Monday, April 9, 2012

Magic Bird

Back in 1984, I was a bright eyed college freshman who arrived to my first day at my freshman dormitory and met the girl who would be my college roommate. I was as excited as I had ever been. My mom had planned my dormitory supplies well. I had new bedding, flashy new pillows, coordinating blankets and sheets, tons of toiletries (it is me, after all) new clothes and big dreams. My roommate and I, shook hands, met each others families, then said our goodbyes to them and immediately got busy setting up shop on our own "side of the room."

For me that was a bed, a bureau, some shelves, and a desk. My mom and I had picked out together almost everything, except for the wall art. That was my job alone, and I could only imagine what my roommate thought when the first thing I did was hang two enormous posters, side by side, over my bed. One poster was of Larry Bird and the other was of Magic Johnson. A huge Celtics fan, then now and forever, back then Larry and Magic were the show and I was besotted. And so was the nation.

Their rivalry was legendary, and in that shared history they ultimately became friends. The learned about the game from each other, they learned about themselves from each other and Magic says that Larry's presence on the court made him a better player and a better man. The great Boston Globe sports scribe, Jackie MacMullen, (who is from my home town of Westwood, MA, and who I know) had the incredible opportunity to co-author a book with these two legends. "When the Game Was Ours by Larry Bird and Magic Johnson" tells the tale of how these sports legends basketball careers coincided from college; Bird at Indiana State and Magic at Michigan State through to their NBA careers. Both men always observing the other, often time obsessing over achievements.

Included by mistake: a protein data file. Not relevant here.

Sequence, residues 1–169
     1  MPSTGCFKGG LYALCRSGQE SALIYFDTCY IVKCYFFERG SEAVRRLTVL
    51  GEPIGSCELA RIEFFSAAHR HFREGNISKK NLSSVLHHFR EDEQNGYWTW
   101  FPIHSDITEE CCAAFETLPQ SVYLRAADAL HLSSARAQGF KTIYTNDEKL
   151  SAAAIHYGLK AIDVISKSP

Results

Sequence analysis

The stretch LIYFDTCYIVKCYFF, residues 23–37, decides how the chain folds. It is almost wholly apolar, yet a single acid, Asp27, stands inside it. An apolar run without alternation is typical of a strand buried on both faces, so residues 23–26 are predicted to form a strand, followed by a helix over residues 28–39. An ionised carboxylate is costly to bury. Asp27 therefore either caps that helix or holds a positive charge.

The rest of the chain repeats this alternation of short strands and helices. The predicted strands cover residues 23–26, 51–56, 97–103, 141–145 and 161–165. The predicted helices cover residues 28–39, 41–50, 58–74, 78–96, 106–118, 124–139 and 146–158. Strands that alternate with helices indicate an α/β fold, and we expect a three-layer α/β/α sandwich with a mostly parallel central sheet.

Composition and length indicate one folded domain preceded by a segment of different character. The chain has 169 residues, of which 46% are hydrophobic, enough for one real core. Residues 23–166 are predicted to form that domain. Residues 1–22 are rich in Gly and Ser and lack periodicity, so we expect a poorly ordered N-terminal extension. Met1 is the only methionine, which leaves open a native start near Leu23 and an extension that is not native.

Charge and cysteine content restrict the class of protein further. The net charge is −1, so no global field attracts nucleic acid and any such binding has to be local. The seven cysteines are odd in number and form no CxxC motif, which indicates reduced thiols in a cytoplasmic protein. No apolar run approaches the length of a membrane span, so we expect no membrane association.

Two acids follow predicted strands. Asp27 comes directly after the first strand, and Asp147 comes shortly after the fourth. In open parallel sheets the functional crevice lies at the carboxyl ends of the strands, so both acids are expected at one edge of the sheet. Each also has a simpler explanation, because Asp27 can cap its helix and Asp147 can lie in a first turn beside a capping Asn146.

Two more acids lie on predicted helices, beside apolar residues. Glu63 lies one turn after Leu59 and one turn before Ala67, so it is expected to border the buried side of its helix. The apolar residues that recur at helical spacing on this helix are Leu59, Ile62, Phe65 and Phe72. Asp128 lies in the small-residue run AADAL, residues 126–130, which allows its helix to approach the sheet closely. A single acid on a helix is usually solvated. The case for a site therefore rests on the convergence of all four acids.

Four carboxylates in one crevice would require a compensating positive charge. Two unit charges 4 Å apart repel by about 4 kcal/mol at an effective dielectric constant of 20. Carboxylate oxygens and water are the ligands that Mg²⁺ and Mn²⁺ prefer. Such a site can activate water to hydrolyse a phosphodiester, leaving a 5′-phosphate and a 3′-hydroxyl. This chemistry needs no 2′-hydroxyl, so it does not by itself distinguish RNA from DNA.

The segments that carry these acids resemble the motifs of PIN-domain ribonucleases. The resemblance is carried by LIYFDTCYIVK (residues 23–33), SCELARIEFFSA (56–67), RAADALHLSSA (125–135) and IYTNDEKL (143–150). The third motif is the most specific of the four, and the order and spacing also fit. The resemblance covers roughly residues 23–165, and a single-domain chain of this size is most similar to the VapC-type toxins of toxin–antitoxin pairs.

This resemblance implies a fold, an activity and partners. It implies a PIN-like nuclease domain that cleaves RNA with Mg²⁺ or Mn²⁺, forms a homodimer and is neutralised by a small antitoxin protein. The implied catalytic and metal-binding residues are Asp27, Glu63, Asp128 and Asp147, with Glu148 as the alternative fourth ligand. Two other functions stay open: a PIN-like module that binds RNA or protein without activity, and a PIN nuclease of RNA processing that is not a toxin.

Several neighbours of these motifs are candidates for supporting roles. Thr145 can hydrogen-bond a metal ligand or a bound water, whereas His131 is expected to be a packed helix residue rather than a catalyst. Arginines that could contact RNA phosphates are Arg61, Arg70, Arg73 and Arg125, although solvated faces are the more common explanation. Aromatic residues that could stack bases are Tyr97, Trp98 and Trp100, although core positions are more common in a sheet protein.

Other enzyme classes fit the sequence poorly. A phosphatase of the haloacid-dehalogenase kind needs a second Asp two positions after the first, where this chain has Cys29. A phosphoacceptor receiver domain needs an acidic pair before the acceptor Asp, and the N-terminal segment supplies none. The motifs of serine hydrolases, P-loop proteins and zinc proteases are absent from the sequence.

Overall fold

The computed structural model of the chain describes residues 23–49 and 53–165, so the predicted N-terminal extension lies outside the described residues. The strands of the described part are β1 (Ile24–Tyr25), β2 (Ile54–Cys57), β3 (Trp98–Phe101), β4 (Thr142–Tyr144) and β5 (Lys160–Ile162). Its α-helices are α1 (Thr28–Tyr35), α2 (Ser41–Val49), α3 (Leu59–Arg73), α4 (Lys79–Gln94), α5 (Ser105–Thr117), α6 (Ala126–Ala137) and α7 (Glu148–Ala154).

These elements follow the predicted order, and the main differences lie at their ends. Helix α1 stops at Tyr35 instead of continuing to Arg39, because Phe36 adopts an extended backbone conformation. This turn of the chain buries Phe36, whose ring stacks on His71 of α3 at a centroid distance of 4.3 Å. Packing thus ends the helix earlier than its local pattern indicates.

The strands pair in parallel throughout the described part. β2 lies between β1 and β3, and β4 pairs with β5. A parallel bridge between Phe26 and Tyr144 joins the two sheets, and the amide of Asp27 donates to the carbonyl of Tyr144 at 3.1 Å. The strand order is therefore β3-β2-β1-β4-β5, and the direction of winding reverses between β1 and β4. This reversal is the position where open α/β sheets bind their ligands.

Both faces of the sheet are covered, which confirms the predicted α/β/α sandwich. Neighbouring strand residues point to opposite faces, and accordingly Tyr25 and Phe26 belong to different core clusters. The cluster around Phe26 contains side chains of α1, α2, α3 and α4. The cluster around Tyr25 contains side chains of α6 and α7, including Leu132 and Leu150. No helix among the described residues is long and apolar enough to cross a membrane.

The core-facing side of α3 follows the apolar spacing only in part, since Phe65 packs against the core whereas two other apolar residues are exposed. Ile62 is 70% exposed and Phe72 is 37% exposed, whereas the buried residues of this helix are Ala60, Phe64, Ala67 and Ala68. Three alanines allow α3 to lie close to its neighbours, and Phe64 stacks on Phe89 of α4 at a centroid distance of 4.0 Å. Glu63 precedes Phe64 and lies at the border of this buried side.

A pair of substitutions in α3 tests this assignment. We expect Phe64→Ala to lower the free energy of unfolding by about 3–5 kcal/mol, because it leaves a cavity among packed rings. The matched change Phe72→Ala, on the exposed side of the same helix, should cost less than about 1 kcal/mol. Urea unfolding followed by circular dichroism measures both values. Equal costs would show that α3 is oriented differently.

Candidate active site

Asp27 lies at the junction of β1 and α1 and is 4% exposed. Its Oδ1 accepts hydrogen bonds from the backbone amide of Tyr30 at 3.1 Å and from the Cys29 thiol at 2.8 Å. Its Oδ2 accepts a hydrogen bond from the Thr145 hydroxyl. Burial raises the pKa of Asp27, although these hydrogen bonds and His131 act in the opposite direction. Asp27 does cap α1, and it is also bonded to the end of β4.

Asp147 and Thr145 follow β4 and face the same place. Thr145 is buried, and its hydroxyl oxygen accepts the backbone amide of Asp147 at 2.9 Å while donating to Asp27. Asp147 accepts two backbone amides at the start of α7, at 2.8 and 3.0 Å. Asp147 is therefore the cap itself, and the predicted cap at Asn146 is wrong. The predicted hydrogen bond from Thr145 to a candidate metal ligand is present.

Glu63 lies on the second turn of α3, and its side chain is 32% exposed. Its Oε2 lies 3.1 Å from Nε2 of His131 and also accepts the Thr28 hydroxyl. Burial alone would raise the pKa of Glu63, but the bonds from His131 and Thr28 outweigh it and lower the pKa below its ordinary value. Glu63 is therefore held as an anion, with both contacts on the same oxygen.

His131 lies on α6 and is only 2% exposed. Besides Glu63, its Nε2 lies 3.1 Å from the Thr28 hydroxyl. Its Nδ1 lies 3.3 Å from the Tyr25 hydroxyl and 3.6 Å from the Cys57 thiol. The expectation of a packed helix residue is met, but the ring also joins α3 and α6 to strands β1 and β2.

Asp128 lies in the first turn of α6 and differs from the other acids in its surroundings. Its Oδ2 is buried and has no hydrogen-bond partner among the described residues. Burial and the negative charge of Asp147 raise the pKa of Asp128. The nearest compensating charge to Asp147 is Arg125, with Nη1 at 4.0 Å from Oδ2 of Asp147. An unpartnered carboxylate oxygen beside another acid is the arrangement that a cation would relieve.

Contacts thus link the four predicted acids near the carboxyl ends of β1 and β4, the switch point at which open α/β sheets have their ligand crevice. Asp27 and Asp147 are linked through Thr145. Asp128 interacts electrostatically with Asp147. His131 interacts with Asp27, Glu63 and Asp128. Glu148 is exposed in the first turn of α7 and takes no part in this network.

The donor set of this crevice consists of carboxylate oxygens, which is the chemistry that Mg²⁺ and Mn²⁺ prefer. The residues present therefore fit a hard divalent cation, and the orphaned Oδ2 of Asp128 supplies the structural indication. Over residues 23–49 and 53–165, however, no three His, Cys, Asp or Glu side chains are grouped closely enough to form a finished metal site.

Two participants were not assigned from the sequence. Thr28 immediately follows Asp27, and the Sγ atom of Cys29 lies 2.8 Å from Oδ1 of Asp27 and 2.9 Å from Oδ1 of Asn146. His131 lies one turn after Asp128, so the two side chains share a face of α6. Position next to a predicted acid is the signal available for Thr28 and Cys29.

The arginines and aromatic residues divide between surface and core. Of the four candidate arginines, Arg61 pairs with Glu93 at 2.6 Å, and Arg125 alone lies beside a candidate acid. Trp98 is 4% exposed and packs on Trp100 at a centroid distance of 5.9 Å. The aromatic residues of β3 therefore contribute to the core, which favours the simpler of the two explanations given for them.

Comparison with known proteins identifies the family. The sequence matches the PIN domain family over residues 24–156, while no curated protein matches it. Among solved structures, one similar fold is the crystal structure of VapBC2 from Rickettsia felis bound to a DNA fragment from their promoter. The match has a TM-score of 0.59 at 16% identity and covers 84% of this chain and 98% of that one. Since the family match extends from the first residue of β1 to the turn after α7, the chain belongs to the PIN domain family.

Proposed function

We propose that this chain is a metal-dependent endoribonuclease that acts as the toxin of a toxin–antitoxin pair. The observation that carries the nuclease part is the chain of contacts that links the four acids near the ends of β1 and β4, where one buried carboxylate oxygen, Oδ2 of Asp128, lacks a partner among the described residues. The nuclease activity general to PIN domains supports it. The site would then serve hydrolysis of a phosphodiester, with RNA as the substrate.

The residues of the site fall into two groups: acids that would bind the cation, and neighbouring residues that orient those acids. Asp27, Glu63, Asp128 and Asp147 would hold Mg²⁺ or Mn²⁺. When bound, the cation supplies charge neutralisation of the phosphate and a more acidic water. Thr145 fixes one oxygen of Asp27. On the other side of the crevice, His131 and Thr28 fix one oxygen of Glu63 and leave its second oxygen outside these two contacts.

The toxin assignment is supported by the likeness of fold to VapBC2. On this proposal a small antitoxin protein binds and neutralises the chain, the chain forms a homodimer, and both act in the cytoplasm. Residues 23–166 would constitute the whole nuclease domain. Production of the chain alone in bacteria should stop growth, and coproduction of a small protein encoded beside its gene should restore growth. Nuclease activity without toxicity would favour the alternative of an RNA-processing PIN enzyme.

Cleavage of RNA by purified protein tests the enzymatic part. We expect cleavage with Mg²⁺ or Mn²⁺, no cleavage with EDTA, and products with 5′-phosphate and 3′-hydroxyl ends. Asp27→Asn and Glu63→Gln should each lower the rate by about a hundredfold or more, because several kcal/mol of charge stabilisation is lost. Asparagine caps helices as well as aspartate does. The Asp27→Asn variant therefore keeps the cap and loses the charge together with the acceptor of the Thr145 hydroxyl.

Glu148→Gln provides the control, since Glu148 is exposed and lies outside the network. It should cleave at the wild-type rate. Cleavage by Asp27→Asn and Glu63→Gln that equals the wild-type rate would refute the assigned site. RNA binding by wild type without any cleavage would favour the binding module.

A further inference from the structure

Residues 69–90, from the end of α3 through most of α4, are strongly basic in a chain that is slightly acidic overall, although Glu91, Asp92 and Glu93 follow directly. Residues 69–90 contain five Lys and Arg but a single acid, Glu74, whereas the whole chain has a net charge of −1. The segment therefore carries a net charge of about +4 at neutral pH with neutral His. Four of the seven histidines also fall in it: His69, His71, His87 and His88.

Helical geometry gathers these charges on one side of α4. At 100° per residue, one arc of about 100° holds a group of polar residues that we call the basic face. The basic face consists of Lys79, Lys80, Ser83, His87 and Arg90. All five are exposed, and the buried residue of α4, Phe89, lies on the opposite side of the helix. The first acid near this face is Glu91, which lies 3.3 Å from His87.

It is no surprise to me that on this Wednesday a new show on Broadway opens up entitled, "Magic Bird". It's a show that gives me goosebumps because it takes me back to a time when these two were Kings of the parquet and I was buying whatever they were selling. While sport and theatre may mirror each other in their spectacle, the real story here is of mutual respect, admiration, determination, perseverance and show business. Win or loose, we wanted to experience every second of it because we knew they wouldn't disappoint. We loved the show.

Here's hoping Magic Bird on Broadway doesn't disappoint.


B.E. Earl said...

Larry Bird was the greatest asshole ever to play the game. And I mean that as a compliment. Dude backed up his shit-talking every time he hit the court. I hated him, but couldn't help but respect him.

sybil law said...

What Earl said!

Anonymous said...

Every pick up game I played in the "hood" I was refered to as Bird, I think all white guys in that situation were.

MarkD60 said...

Basketball. yuk.